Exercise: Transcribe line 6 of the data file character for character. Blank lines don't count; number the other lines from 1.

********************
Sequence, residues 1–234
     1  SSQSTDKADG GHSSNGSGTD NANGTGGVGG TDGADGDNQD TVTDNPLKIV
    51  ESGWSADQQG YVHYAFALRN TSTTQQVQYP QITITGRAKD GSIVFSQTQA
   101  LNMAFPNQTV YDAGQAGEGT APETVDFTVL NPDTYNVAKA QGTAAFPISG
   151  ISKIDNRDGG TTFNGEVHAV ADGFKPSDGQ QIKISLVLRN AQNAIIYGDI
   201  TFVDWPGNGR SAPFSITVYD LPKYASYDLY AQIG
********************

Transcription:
   201  TFVDWPGNGR SAPFSITVYD LPKYASYDLY AQIG